Immature Platelets and Risk of Cardiovascular Events among Patients with Ischemic Heart Disease: A Systematic Review

Publikation: Bidrag til tidsskrift/Konferencebidrag i tidsskrift /Bidrag til avisReviewForskningpeer review

DOI

BACKGROUND:  Immature platelets are larger and may be more thrombogenic than mature platelets. This systematic review included studies on the association between mean platelet volume (MPV), immature platelet count (IPC), and immature platelet fraction (IPF) and the risk of major cardiovascular events (MACEs) in patients with acute coronary syndrome (ACS) or stable coronary artery disease (CAD).

METHODS:  The literature search included studies in PubMed, Embase, Web of Science, and Cochrane Library. The review was performed according to the Preferred Reporting Items for Systematic Reviews and Meta-Analyses (PRISMA) statement. Effect estimates that included multivariate adjusted odds ratios, relative risks, or hazard ratios were extracted.

RESULTS:  Forty-two studies were identified. High MPV was positively associated with MACE in 20 of 26 studies of patients with ACS, four of five studies in patients with stable CAD, and in all six studies comprising a combined population with ACS and stable CAD. Using continuous models of MPV in patients with ACS, effect estimates varied from 0.90 (95% confidence interval [CI]: 0.95-1.03) to 1.66 (95% CI: 1.32-2.09). The strength of these associations was broadly similar among patients with stable CAD and in combined populations. Five studies investigated IPC or IPF as exposures and all reported positive associations with MACE among patients with ACS, stable CAD, or in combined populations.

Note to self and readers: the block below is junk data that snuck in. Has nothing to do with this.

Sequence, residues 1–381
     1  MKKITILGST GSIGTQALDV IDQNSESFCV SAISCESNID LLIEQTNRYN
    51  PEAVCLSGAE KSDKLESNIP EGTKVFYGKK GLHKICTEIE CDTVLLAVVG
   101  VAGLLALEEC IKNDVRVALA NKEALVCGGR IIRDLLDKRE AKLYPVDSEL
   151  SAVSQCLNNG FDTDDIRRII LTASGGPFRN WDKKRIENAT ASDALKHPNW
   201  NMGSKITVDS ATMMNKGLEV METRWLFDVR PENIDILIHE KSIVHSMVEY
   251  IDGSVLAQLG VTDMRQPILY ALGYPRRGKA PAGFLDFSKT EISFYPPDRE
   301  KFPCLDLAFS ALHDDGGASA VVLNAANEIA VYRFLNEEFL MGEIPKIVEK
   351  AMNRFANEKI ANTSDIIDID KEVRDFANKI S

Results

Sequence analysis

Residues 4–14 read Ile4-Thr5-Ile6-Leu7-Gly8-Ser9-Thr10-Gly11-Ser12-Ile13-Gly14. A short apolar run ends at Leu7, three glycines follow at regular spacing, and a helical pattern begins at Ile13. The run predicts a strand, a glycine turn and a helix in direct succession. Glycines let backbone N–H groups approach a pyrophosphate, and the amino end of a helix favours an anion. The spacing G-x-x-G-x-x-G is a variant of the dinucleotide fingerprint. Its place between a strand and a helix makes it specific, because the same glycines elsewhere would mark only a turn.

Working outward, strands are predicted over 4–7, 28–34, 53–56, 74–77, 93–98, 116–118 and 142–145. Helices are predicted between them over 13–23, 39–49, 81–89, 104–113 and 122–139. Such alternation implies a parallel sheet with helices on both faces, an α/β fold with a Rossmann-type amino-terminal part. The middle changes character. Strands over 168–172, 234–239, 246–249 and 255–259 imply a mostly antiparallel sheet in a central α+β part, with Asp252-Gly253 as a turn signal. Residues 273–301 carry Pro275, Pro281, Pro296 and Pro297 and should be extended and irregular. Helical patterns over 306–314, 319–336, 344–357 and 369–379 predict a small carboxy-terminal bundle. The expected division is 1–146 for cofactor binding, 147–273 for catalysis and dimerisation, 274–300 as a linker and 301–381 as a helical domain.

CONCLUSION:  This review demonstrated clear evidence for positive associations between measures of immature platelets and subsequent risk of MACE in acute and stable ischemic heart disease patients.

OriginalsprogEngelsk
Artikelnummer200595
TidsskriftThrombosis and Haemostasis
Vol/bind121
Nummer5
Sider (fra-til)659-675
Antal sider17
ISSN0340-6245
DOI
StatusUdgivet - maj 2021

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